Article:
Jupiter (planet), fifth planet from the Sun and the largest planet in the solar system. The fourth brightest object in Earths sky, after the Sun, the Moon, and Venus, Jupiter is more than three times brighter than Sirius, the brightest star. Due to its prominence in the sky, the Romans named the planet for their chief god, Jupiter. Jupiter orbits the Sun at an average distance of 778 million km (484 million mi), which is about five times the distance from Earth to the Sun. Jupiters year, or the time it takes to complete an orbit about the Sun, is 11.9 Earth years, and its day, or the time it takes to rotate on its axis, is about 9.9 hours, less than half an Earth day. Unlike the rocky inner planets of the solar system (Mercury, Venus, Earth, and Mars), Jupiter is a ball of dense gas and has no solid surface. Jupiter may have a core composed of rockforming minerals like those trapped in comet ices, but the core makes up less than 5 percent of the planets mass. The force of gravity at the level of the highest clouds in Jupiters atmosphere is about 2.5 times the force of gravity at Earths surface. Gas and clouds in Jupiters atmosphere travel at high speeds. This phenomenon is not fully understood but it is related to the planets high rate of rotation. These gases and clouds travel faster at the equator than at higher latitudes. The gases and clouds of the atmosphere are thrown outward as the planet rotates, similar to the manner in which mud is thrown outward from a spinning wheel. The balance between gravity and this outward force, which is proportional to the rotational speed of the atmosphere, noticeably distorts the planets round shape. Higher speed at the equator produces greater outward force, causing an equatorial bulge, whereas lower speed at the poles gives gravity the edge, leading to polar flattening. Jupiters equatorial diameter is 143,000 km (89,000 mi), 6.5 percent larger than the polar diameter of 133,700 km (83,000 mi).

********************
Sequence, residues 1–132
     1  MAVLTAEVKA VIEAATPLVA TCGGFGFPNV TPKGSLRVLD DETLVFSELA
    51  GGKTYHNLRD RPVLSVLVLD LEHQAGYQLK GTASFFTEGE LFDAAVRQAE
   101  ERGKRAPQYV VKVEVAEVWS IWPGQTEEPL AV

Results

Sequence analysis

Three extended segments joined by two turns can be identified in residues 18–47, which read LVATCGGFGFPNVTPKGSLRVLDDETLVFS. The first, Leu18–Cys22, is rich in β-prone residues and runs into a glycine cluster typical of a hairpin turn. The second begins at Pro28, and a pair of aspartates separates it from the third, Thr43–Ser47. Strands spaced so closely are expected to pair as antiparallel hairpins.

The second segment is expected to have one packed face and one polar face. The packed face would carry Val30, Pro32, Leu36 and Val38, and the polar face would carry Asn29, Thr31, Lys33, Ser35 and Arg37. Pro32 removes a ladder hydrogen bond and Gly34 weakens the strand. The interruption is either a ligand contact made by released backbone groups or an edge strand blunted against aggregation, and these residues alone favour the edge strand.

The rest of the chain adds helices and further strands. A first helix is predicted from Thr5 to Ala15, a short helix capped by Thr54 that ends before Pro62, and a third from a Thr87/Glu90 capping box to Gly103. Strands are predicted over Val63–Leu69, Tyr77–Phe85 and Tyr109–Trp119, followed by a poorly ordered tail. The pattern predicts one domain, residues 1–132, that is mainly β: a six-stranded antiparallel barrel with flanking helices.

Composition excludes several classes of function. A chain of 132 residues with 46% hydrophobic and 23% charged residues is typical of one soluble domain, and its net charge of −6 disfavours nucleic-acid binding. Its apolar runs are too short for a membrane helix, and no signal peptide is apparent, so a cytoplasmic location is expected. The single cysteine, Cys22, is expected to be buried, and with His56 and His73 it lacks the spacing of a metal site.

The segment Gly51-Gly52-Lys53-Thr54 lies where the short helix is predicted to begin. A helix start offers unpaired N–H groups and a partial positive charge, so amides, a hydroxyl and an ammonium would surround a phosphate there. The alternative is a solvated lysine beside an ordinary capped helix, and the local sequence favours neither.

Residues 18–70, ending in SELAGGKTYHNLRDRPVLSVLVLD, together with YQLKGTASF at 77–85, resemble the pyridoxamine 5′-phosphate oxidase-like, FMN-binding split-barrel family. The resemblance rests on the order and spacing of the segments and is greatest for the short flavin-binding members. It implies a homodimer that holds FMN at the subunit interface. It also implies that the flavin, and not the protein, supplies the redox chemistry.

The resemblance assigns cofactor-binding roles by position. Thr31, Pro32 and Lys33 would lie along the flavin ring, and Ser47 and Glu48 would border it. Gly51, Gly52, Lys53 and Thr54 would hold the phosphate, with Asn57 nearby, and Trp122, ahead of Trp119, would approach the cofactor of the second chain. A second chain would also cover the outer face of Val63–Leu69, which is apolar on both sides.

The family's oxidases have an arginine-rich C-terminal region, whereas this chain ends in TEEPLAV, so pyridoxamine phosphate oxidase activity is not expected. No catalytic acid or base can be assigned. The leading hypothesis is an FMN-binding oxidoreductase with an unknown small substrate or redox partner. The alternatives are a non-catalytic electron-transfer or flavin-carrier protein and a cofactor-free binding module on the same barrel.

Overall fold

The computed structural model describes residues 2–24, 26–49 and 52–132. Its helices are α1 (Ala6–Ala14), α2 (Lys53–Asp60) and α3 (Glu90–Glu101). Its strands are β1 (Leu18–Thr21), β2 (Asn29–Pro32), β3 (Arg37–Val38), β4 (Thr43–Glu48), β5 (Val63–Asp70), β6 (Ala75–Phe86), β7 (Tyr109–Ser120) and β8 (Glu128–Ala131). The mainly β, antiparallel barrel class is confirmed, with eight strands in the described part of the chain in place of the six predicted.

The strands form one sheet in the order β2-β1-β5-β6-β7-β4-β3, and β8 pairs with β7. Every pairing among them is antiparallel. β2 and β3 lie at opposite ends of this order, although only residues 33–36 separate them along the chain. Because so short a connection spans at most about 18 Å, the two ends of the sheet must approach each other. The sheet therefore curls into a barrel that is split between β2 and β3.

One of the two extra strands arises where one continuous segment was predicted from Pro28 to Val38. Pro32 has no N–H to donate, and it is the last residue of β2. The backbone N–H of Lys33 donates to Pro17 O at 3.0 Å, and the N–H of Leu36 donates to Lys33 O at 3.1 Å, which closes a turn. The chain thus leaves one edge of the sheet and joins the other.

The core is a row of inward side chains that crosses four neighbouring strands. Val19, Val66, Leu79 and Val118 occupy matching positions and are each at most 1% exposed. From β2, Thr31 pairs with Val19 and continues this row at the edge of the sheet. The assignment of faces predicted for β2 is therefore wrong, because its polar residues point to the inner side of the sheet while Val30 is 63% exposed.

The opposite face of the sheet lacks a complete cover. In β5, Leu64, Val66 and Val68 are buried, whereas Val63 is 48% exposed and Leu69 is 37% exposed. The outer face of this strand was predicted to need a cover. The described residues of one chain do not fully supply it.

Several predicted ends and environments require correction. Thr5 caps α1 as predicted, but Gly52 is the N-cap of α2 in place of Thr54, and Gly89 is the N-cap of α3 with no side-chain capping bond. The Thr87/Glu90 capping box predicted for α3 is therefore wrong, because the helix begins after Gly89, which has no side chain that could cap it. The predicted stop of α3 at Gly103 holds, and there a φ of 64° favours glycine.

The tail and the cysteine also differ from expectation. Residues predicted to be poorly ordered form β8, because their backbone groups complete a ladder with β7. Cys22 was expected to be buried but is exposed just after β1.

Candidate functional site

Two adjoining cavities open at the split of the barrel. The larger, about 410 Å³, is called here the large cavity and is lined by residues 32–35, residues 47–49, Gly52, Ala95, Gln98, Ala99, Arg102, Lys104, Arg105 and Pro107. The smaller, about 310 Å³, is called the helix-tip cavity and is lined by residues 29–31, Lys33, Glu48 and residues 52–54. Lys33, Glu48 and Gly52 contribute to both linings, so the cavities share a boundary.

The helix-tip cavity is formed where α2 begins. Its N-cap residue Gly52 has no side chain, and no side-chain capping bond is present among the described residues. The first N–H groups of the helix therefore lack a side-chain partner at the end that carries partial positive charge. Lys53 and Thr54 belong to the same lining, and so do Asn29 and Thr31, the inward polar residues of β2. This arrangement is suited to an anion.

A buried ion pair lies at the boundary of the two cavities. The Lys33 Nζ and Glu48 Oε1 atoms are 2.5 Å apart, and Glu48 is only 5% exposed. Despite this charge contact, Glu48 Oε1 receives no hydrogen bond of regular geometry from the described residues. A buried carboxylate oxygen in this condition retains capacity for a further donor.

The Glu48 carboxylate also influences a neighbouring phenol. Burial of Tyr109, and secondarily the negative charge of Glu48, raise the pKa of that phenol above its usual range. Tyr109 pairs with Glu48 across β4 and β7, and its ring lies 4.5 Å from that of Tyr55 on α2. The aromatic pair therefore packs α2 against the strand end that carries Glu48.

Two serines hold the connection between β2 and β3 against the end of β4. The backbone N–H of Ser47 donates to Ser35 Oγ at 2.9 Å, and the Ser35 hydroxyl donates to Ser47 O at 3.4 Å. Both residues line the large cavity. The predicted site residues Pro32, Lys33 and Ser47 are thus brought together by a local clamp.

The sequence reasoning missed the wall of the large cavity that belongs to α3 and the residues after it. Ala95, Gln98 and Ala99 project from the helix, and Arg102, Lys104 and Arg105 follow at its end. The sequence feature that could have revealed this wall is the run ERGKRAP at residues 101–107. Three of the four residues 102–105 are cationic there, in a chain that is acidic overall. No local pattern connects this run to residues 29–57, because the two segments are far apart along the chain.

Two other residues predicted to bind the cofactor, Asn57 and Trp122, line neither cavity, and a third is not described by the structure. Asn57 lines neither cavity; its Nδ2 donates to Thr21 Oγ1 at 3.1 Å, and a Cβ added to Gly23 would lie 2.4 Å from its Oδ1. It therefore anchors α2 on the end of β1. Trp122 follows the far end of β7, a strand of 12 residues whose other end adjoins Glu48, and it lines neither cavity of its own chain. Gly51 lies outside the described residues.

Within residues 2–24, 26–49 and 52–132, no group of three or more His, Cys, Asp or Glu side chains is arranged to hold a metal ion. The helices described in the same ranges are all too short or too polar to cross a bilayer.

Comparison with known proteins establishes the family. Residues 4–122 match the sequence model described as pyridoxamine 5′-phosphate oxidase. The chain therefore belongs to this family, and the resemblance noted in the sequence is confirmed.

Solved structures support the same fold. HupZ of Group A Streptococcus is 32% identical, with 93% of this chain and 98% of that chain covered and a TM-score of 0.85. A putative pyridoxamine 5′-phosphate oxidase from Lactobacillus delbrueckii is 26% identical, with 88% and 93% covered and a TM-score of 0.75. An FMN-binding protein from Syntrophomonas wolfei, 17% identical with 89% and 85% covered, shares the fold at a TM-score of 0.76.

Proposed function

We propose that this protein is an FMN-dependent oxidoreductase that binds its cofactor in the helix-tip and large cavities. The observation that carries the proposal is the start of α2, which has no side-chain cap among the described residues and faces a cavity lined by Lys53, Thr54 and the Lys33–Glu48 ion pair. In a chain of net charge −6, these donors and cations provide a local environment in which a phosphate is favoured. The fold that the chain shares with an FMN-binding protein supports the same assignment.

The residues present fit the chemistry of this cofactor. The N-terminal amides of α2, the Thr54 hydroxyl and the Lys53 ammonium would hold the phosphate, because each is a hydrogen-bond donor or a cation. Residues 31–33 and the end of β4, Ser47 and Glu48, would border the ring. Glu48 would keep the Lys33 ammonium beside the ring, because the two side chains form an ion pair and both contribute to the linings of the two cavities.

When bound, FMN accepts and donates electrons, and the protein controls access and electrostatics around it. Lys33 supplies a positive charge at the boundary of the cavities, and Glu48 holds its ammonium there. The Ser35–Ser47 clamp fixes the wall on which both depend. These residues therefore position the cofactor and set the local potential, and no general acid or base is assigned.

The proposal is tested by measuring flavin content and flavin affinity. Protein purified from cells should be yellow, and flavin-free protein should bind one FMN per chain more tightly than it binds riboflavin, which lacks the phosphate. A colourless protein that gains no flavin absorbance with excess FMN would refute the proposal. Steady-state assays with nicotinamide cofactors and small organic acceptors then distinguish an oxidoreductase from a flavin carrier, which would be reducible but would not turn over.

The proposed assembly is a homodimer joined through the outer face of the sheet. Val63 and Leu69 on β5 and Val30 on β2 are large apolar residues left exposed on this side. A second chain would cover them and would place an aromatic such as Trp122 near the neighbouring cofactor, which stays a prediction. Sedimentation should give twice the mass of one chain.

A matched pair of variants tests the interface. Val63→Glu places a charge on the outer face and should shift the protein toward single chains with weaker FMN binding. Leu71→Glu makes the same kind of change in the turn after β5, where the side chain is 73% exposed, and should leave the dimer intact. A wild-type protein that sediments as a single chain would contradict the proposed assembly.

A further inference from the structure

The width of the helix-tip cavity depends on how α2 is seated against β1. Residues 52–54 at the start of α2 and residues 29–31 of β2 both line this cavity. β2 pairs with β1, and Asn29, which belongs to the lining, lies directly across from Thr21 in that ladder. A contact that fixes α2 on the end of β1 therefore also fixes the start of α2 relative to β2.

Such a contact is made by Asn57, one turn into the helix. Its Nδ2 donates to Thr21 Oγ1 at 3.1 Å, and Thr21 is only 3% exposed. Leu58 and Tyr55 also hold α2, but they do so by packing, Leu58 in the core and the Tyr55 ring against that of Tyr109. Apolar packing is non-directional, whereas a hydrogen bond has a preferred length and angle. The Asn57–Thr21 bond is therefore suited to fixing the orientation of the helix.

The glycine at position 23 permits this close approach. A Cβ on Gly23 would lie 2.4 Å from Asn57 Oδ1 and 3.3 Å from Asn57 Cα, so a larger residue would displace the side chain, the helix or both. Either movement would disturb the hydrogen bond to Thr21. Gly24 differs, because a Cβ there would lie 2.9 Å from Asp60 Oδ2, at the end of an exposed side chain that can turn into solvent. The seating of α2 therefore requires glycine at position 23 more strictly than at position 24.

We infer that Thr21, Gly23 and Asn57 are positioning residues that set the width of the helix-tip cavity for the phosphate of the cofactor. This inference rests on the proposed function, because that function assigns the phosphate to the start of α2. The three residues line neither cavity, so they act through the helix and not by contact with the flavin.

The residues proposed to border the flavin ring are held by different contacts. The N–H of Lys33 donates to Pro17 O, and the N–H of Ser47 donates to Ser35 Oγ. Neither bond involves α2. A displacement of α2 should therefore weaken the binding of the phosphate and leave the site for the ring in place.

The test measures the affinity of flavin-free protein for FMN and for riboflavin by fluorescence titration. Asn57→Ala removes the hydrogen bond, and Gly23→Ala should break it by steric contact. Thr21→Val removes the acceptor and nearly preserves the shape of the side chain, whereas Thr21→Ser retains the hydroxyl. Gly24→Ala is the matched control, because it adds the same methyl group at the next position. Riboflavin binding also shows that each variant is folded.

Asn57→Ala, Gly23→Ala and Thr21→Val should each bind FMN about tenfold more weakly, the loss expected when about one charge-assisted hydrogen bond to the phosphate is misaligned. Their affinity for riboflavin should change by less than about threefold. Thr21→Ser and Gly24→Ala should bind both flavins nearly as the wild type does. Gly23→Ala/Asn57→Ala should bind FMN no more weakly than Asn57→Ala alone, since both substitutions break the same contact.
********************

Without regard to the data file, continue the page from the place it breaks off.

Saturn, sixth planet in order of distance from the Sun, and the second largest in our solar system. Saturns most distinctive feature is a giant system of rings that surrounds the planet at its equator, stretching over twice the width of the planet itself. The first person to see the rings was the Italian scientist Galileo in 1610, using one of the earliest telescopes. Space probes have greatly increased our knowledge of Saturn, its rings, and its many moons. Flybys by the Pioneer and the Voyager probes led to the Cassini orbiter that began studying Saturn in detail in 2004. As seen from Earth, Saturn appears as a yellowish objectone of the brightest in the night sky. The planet is named for Saturn, the Roman god of agriculture. Saturn takes about 29.5 years to orbit the Sun at an average distance of 1,435 billion km (891.5 million mi), or about 9.59 astronomical unit (AU). An AU is equal to the average distance between the Earth and the Sun, or 150 million km (93 million mi). Saturn rotates on its axis in about 10.5 hours and is tilted at about 27, giving the planet distinct seasons. The diameter of Saturn is about 121,000 km (75,000 mi), and its mass is equal to the mass of about 95 Earths, making it the second largest planet in our solar system after Jupiter. Saturn is 10 percent wider at its equator than at its poles and has a more oblate (flattened sphere) shape than any other planet.